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Neque followed by et or que is not uncommon even in prose; Cic. 2 Cat. 13, Perficiam ut neque bonus quisquam intereat, paucorumque poena vos omnes iam salvi esse possitis. See Freund, neque. It is not clear whether Latinus means that he had heard of Troy by fame, like Dido, or that he had heard that these strangers were the Trojans. In the latter case we must understand advertitis aequore cursum rather widely, the thing meant being ye have landed on our shores: though it is conceivable that news of their coming may have been received e. g. from Cumae. Comp. however v. 167. Urbem et genus: comp. Dido's words 1. 565, Quis genus Aeneadum, quis Troiae nesciat urbem? Auditi, heard of, like audire magnos iam videor duces Hor. 2 Od. 1. 21. Aequore, over the sea, 5. 862. Cursus, the reading before Heins., is found in none of Ribbeck's MSS.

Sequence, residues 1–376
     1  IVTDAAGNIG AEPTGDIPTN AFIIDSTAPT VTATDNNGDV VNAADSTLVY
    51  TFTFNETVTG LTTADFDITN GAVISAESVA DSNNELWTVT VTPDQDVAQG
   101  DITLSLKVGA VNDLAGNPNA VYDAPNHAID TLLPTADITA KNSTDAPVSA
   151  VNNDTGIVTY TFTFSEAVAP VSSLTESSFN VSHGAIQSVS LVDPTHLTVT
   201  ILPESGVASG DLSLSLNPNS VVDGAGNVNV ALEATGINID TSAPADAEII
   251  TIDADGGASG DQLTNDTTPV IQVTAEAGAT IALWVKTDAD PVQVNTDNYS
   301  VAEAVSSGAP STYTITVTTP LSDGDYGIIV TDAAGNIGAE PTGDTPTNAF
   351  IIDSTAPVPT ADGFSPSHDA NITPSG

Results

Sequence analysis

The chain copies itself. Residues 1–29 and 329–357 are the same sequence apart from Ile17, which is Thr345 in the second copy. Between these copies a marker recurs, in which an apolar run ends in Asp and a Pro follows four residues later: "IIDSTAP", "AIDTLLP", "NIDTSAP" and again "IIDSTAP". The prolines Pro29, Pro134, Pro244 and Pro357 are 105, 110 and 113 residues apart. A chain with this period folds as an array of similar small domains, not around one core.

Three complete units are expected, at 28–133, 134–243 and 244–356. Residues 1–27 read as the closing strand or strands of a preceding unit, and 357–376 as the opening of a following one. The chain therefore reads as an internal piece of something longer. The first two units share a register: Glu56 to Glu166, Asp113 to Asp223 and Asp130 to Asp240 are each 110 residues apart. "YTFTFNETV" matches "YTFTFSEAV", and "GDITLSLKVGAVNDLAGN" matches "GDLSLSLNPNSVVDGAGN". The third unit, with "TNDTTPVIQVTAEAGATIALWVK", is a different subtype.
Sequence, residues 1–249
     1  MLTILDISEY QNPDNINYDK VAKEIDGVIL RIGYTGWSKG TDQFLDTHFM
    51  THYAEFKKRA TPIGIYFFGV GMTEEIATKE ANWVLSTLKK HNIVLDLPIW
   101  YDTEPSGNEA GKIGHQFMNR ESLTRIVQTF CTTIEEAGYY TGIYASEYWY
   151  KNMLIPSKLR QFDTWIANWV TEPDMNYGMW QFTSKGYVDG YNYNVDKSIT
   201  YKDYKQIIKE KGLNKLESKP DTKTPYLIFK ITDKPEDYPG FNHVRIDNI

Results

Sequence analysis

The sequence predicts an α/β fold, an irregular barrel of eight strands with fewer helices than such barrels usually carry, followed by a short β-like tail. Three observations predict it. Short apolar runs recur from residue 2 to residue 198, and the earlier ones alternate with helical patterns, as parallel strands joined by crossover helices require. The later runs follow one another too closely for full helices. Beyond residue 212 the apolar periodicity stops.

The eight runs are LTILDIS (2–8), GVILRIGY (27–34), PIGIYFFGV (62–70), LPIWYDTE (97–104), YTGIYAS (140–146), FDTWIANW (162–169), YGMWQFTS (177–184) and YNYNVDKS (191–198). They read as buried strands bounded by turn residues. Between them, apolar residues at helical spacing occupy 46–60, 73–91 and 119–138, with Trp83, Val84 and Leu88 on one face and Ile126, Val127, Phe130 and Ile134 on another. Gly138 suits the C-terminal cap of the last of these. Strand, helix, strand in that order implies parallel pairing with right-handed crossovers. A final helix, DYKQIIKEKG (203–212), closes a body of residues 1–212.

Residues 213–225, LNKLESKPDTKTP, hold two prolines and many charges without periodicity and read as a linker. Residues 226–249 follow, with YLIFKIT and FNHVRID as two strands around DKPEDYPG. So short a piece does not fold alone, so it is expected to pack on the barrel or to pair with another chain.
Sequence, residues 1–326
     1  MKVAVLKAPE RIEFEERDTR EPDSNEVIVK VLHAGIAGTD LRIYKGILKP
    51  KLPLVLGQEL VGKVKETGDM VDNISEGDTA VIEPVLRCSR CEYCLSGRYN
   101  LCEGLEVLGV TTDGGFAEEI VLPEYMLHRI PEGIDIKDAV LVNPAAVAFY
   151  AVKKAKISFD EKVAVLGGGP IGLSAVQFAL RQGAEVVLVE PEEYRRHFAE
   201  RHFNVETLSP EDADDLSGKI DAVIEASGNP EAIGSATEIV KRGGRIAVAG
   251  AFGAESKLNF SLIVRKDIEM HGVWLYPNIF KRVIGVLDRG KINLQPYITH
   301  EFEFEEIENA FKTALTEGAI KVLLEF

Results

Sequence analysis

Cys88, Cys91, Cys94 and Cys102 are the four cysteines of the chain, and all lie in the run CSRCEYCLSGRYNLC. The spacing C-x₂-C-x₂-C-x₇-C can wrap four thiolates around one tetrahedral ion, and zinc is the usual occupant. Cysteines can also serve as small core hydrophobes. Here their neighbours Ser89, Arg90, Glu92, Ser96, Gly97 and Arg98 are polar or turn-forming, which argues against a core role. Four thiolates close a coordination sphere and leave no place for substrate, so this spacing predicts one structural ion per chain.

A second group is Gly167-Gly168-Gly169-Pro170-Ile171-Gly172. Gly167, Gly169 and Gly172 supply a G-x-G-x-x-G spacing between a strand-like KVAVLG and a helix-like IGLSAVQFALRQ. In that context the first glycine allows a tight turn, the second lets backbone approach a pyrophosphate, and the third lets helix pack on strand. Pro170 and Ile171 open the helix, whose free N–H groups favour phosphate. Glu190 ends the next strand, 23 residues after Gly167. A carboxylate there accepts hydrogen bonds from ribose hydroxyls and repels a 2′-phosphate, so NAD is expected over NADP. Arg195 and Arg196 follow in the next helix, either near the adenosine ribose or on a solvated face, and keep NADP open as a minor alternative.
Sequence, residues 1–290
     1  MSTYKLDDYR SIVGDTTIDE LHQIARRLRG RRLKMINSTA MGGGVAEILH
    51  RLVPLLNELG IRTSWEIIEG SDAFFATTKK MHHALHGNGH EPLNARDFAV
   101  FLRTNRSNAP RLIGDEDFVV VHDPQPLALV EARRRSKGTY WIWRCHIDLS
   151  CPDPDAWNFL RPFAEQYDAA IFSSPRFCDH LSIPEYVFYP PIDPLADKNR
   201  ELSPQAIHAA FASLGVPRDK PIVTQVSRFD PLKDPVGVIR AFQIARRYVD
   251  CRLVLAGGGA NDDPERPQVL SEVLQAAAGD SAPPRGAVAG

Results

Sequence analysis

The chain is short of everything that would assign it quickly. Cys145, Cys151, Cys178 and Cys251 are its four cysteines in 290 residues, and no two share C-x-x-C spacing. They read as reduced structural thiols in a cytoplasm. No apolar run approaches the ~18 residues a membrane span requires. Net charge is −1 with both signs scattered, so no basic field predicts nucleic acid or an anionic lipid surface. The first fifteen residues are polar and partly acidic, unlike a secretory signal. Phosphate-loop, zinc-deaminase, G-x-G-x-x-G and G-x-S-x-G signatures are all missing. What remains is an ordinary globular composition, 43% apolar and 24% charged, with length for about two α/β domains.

Pal., Gud., and three other of Ribbeck's cursives have qualis, the reading before Wagn., who remarks that falis agrees better with sic v. 712. Ecboico Baiarum in litore like Euboicis Cumarum oris 6. 2 note, Baiae being near Cumae. Virg. draws a simile from the practice of his own time; not a usual thing with him. For these erections at Baiae comp. Hor. 2 Od. 18. 20 foll., 1 Ep. 1. 83 foll. Quondam in a simile G. 4. 261 note.